Nebojsa Medojevic, a member of Parliament, claimed that Bemax was in reality owned by a close adviser of Mr. Djukanovic, Milan Rocen, a former ambassador to Moscow. Mr. Djukanovic denied this, saying he had “of course” asked his adviser and been assured the claims were false. Mr. Rocen has himself categorically denied owning Bemax.

For the full story, see:

Andrew Higgins. “Montenegro, a Nearly $1 Billion Road to ‘Nowhere’.” The New York Times, First Section (Sunday, August 15, 2021): 4.

(Note: ellipses added.)

(Note: the online version of the story has the date Aug. 14, 2021, and has the title “A Pricey Drive Down Montenegro’s Highway ‘From Nowhere to Nowhere’.”)

As Chinese Marxists Limit Liberty, the Young Show “Silent Resistance” by “Lying Down”

(p. 4) Five years ago, Luo Huazhong discovered that he enjoyed doing nothing. He quit his job as a factory worker in China, biked 1,300 miles from Sichuan Province to Tibet and decided he could get by on odd jobs and $60 a month from his savings. He called his new lifestyle “lying flat.”

“I have been chilling,” Mr. Luo, 31, wrote in a blog post in April [2021], describing his way of life. “I don’t feel like there’s anything wrong.”

He titled his post “Lying Flat Is Justice,” attaching a photo of himself lying on his bed in a dark room with the curtains drawn. Before long, the post was being celebrated by Chinese millennials as an anti-consumerist manifesto. “Lying flat” went viral and has since become a broader statement about Chinese society.

. . .

Mr. Ding, 22, has been lying flat for almost three months and thinks of the act as “silent resistance.”

. . .

The ruling Communist Party, wary of any form of social instability, has targeted the “lying flat” idea as a threat to stability in China.

. . .

Mr. Luo was born in rural Jiande County, in eastern Zhejiang Province. In 2007, he dropped out of a vocational high school and started working in factories. One job involved working 12-hour shifts at a tire factory. By the end of the day, he had blisters all over his feet, he said.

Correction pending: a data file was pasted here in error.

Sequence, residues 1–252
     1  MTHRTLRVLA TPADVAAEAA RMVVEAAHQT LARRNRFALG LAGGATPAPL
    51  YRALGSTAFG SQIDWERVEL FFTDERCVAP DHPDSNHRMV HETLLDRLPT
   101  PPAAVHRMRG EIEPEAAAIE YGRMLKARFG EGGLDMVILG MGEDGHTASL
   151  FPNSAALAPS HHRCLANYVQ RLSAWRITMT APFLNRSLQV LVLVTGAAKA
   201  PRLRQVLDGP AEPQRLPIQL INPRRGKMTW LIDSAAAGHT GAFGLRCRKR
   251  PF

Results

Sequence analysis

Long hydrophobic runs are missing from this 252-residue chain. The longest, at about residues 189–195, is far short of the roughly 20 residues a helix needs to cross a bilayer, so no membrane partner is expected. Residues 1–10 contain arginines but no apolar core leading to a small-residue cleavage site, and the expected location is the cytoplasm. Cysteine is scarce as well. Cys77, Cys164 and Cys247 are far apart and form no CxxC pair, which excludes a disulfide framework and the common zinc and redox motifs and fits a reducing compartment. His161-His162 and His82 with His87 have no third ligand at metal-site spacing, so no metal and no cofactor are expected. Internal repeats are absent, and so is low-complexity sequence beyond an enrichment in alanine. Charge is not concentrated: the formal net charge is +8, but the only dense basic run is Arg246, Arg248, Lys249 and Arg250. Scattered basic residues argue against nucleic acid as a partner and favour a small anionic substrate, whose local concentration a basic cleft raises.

In 2014, he found a job as a product inspector in a factory but didn’t like it. He quit after two years and took on the occasional acting gig to make ends meet. (In 2018, he played a corpse in a Chinese movie by, of course, lying flat.)

Today, he lives with his family and spends his days reading philosophy and news and working out. He said it was an ideal lifestyle, allowing him to live minimally and “think and express freely.” He encourages his followers, who call him “the Master of Lying Down,” to do the same.

After hearing about Mr. Luo’s tangping post on a Chinese podcast, Zhang Xinmin, 36, was inspired to write a song about it.

. . .

Mr. Zhang uploaded the song to his social media platforms on June 3, and within a day censors had deleted it from three websites. He was furious.

. . .

Lying down is really good
Lying down is wonderful
Lying down is the right thing to do
Lie down so you won’t fall anymore
Lying down means never falling down.

For the full story, see:

Elsie Chen. “For Young People in China, ‘Lying Flat’ Beats Working.” The New York Times, First Section (Sunday, July 4, 2021): 4.

(Note: ellipses, and bracketed year, added.)

(Note: the online version of the story has the date July 3, 2021, and has the title “These Chinese Millennials Are ‘Chilling,’ and Beijing Isn’t Happy.”)

China Removed Gene Sequences from NIH Data Base Related to Covid-19 Origin